Email updates

Keep up to date with the latest news and content from Parasites & Vectors and BioMed Central.

Open Access Research

Mini-FLOTAC and Kato-Katz: helminth eggs watching on the shore of lake Victoria

Beatrice Barda1*, Henry Zepherine3, Laura Rinaldi2, Giuseppe Cringoli2, Roberto Burioni1, Massimo Clementi1 and Marco Albonico4

Author Affiliations

1 Laboratory of Microbiology San Raffaele Hospital, Milan, Italy

2 Department of Veterinary Medicine and Animal Productions, Section of Veterinary Parasitology and Parasitic Diseases, University of Naples Federico II, Naples, Italy

3 Bukumbi Hospital, Mwanza, Tanzania

4 Ivo de Carneri Foundation, Milan, Italy

For all author emails, please log on.

Parasites & Vectors 2013, 6:220  doi:10.1186/1756-3305-6-220


The electronic version of this article is the complete one and can be found online at: http://www.parasitesandvectors.com/content/6/1/220


Received:10 March 2013
Accepted:29 July 2013
Published:31 July 2013

© 2013 Barda et al.; licensee BioMed Central Ltd.

This is an Open Access article distributed under the terms of the Creative Commons Attribution License (http://creativecommons.org/licenses/by/2.0), which permits unrestricted use, distribution, and reproduction in any medium, provided the original work is properly cited.

Abstract

Background

One of the challenges for monitoring helminth control programmes based on preventive chemotherapy is the lack of a copro-parasitological gold–standard method that combines good sensitivity with quantitative performance, low cost, and easy-to-learn technique.

The aim of our study was to evaluate and compare, the WHO recommended quantitative diagnostic technique (Kato-Katz) and the Mini-FLOTAC.

Methods

Mini-FLOTAC is an innovative method based on floatation of helminths eggs with two different solutions (FS2 and FS7) using a close system (Fill-FLOTAC) with 5% fixative. Kato-Katz was performed following WHO recommendation. The study was carried out in a rural part of Tanzania, close to Lake Victoria, where the laboratory facilities are fairly scarce, and the basic technique used in the local laboratory (direct smear) was taken as reference standard.

Results

201 children were screened for intestinal helminths and 91% of them were found to be positive. The agreement among the three techniques was calculated with k Cohen coefficient and was fairly good (k = 0.4), although the Mini-FLOTAC results were more sensitive for hookworm (98%) with FS2, and for S.mansoni (90%) with FS7 followed by Kato-Katz (91% and 60% respectively) and direct smear (30% and 10% respectively). A good agreement was found between Mini-FLOTAC and Kato-Katz (k = 0.81) with FS7 (k = 0.76) for hookworm diagnosis and a fairly good one for S.mansoni diagnosis (k = 0.5). For both infections we had a poor agreement between the two quantitative techniques and the direct smear (k<0.3). Kato-Katz diagnosed a higher number of eggs (calculated by arithmetic mean) both for hookworm (455 vs 424 EPG) and for S.mansoni (71 vs 58 EPG) compared with the Mini-FLOTAC, but the differences were not significant (p = 0.4).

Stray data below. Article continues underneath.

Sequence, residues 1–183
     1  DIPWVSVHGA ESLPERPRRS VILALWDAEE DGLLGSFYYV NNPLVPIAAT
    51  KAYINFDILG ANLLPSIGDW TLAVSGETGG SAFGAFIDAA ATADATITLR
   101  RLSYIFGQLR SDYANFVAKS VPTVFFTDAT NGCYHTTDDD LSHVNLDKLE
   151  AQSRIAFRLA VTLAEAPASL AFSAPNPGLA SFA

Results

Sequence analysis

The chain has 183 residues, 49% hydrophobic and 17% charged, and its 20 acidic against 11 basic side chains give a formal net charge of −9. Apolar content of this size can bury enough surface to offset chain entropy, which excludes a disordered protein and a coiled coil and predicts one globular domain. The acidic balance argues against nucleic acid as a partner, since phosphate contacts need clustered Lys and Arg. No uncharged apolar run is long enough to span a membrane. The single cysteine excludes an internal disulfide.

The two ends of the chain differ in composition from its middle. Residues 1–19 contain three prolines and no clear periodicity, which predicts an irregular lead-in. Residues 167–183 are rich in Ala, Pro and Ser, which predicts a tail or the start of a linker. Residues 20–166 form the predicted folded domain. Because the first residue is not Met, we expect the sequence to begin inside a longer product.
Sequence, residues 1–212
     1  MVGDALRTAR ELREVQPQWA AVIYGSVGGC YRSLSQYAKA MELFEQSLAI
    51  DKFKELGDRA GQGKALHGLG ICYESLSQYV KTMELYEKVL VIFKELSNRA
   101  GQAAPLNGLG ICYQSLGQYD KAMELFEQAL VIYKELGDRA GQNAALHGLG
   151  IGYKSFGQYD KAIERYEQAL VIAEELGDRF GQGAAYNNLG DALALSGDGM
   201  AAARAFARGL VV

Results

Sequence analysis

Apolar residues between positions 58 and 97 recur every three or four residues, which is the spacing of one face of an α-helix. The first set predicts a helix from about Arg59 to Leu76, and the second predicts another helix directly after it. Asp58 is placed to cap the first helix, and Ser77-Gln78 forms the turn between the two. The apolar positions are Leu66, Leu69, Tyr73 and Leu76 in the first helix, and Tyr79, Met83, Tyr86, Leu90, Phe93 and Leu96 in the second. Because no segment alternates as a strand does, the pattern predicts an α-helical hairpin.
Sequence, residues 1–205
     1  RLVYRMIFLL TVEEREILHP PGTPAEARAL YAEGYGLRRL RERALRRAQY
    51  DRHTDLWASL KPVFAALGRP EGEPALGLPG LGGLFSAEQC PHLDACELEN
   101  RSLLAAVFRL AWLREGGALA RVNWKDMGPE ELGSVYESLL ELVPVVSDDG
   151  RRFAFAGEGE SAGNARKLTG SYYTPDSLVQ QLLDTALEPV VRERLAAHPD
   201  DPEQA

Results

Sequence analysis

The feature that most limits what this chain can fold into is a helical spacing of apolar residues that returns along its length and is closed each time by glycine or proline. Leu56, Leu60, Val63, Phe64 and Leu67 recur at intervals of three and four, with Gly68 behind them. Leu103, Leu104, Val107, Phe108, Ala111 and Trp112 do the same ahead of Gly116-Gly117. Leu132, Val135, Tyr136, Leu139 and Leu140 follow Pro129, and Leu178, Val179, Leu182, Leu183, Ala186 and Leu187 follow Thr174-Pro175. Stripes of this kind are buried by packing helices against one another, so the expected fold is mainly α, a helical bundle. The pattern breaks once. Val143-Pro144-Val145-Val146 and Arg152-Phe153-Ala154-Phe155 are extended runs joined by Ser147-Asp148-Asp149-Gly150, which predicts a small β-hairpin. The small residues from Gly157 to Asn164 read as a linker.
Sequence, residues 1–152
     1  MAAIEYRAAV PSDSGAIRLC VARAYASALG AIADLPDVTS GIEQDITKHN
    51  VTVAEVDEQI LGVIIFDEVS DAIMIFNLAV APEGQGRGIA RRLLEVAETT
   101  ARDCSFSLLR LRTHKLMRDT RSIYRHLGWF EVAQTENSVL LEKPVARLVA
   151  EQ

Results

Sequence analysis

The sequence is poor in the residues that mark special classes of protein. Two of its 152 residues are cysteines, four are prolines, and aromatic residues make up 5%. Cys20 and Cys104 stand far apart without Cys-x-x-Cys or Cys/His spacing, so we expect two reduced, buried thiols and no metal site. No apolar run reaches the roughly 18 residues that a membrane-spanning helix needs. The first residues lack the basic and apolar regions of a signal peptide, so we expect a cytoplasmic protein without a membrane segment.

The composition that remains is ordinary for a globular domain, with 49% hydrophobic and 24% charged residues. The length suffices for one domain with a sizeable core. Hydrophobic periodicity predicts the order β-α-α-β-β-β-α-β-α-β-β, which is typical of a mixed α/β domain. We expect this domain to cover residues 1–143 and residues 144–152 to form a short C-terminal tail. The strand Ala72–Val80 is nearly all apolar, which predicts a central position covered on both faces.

Conclusions

Mini-FLOTAC is a promising technique, comparable and as sensitive as the Kato-Katz, which is the recommended method in intestinal helminthology for monitoring helminth control programmes. A comparative advantage of the Mini-FLOTAC is that it comprises of a closed system with preserved samples that both protects the operators and allows subsequent examination of the samples. Further studies are needed to validate the mini-FLOTAC with other quantitative techniques (McMaster) and in different settings where other soil-transmitted helminths are also endemic.

Keywords:
Soil-transmitted helminths; Mini-FLOTAC technique; Kato-Katz method; Lake Victoria Tanzania

Background

Almost two billion people are infected worldwide by soil-transmitted helminths (STH) (Ascaris lumbricoides, Trichuris   trichiura,  Ancylostoma   duodenale/Necator americanus) and schistosomes (Schistosoma mansoni, S. haematobium and S. japonicum) [1]. These infections are under the umbrella of neglected tropical diseases (NTD) whose control is advocated by the WHO and other International Agencies with the strategy based on preventive chemotherapy [2]. Among the 112 countries considered in need of preventive chemotherapy, 42 are African; all of the East African countries, and specifically Tanzania, is an area where these infections are widespread [3-5]. In 2010 global data on drug coverage for STH registered that 38% of pre-school children, 26% of school-children and 30% of the total number of children in need of treatment have actually been treated in the African regions [1]. In particular, schistosomes are currently reported in 52 countries which all need preventive chemotherapy and more than 70% of all cases of schistosomiasis live in African countries [1].